Wheelchair Sports Federation | Adaptive Sports Organization
1st Annual New York Rollin’ Knicks Wheelchair Basketball Tournament Print E-mail
Written by John Hamre   

The #1 Wheelchair Basketball Team in the United States hosted their Inaugural Wheelchair Basketball Tournament at LaGuardia Community College in Long Island City NY on Saturday March 18 and Sunday March 19, 2018.  With 3 Division 1 Teams, NY Rollin Knicks, Medstar NRH Punishers, Toronoto Rapters and the top Division 2 Team in the US, the Nassau Kings, the adaptive athletes competed at the highest level that wheelchair basketball can offer.


All the Teams are preparing for their run at the National Championship in Louisville KY in April 2018 - https://www.nwba.org/2018nwbt


The NY Knicks came out on top with the Medstar NRH Punishers coming in second and the Toronto Raptors taking third.  The Nassau Kings and NY Rollin Knicks played a competitive exhibition game since they are in two different divisions.

Congratulations on a great Tournament and the Wheelchair Sports Federation would like to thank our dedicated volunteers, James and Jeremy Tantsits, Joanna Nieh, Zak Ivkovic and the CUNY staff, All-American Deli & Bagel Company and a special thanks to Kevin Grant who did a great job as Tournament Director.  We all look forward to seeing everyone next year and if you'd like to see the NY Rollin Knicks and the Dallas Wheelchair Mavericks play for the National Wheelchair Basketball Championship in 2017 - Click Here - https://www.nwba.org/

Last Updated on Saturday, 24 March 2018 22:17
Team USA Sled Hockey Gets a Golden Hat Trick Print E-mail
Written by Josh Eisenberg   


Team USA celebrates on the Ice following the 2-1 Victory for gold against Canada – March 18, 2018 PHOTO CREDIT: Michael A. Clubine 

GANGNEUNG, South Korea — In 1812, the Canadian forces tried to invade the USA, but after heavy damages to both militaries fighting the war, the United States navy was able to resist, even with heavy pressure. Fast forward to March 18, 2018. History repeated itself. The United States withheld an attack from a very good Canadian team led by Captain Greg Westlake. Team USA Sled Hockey, led by Captain Josh Pauls and Declan Farmer, took home the gold medal for the third straight Paralympic Games. The final score was 2-1 in OT.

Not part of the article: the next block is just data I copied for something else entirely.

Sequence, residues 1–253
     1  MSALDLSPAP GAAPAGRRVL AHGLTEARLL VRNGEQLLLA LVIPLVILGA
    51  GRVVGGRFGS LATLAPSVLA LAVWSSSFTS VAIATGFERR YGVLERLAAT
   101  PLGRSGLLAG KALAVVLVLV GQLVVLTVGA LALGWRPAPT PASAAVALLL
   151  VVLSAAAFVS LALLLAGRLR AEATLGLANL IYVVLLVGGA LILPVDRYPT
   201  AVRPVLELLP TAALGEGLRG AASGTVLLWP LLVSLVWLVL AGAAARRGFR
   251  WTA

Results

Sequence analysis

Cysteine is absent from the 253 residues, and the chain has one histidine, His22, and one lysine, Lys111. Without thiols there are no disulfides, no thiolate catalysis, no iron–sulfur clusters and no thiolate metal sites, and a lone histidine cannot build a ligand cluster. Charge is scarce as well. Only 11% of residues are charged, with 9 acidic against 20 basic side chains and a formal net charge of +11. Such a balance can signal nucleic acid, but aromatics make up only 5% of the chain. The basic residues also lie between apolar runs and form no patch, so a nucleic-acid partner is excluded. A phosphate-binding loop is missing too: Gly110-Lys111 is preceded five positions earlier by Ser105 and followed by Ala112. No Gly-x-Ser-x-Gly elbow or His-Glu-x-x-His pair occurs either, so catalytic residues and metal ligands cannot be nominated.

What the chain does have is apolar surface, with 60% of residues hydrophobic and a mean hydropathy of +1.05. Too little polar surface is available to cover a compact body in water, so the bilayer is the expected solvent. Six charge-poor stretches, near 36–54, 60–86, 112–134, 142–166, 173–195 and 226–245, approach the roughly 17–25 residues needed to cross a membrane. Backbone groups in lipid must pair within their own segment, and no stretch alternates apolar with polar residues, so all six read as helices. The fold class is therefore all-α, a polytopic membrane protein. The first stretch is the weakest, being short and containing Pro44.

For Team Canada, the home team wearing red with the white maple leaf, it was Dominic Larocque in goal looking across the ice at Steve Cash for Team USA. Both men had yet to let in a goal, all Paralympics long. However, there were two goals looming over the United States: the one in the Italy game, and the one that gave Canada the Championship in the World Cup.

Team USA would be without Defenseman Tyler Carron, who was suspended for the last game against Italy — disqualified at the end of the second period of that game due to abuse of an official. Also not dressed for the match was Defenseman Nikko Landeros, who was coming off a hat trick against Italy in the semi-finals. This meant that the USA would be starting Josh Pauls at Defense along with Billy Hanning Jr.

It was high noon at the Gangneung’s version of the O.K. Corral, the world was watching from the sidelines as this duel was about to take place between the two top seeds of the world. The puck was in the refs hands as the bell sounded. The official dropped the puck at center ice and it was on.

Canada won the opening face off. Both teams were clobbering each other with hard hits, but it was the Canadians who broke through with 2:54 left in the first period. It was Billy Bridges (6) who put the biscuit in the basket on a ricochet off the glove of Steve Cash, assisted by Ben Delaney and Liam Hickey. The Score was 1-0. It was the first deficit all tournament for the United States. This was also the closest lead for team Canada leaving the first period. The United States had no shots on goal in the first period of play. For Cash it was his first goal allowed since Sochi 2014. Rather than fold under pressure, Cash then went on to save everything that came his way and his teammates stood behind him.

“Steve Cash is the best player in the world,” said teammate Declan Farmer, “he kept us in the game… regardless.”

Canada was a team unlike the U.S. had never seen before, as much as the USA kept hitting them hard, and the northern lights of Canada still kept shining.

Team USA’s first Shot on goal came with 13:53 remaining in the second period. At 11:51 left in the second, Canada crashed into the net, and an official review was called. The crowd was getting anxious, chants of “CAN-A-DA!” vs. “U-S-A!” were percolating throughout Gangneung Hockey Centre and the question was: “was it a goal”? After much debate over the headphones, no. it was not. The score remained 1-0 in favor of Canada. That’s how the period would end as well, and the shots on goal were even at eight per team.

At the start of the third period, the in-arena announcers dared the audience to break the sound record in the arena, which was sitting at 108.1 Db. It was broken: 108.9 Db. They were ready. The puck dropped and together everyone was  blasted off toward hockey history.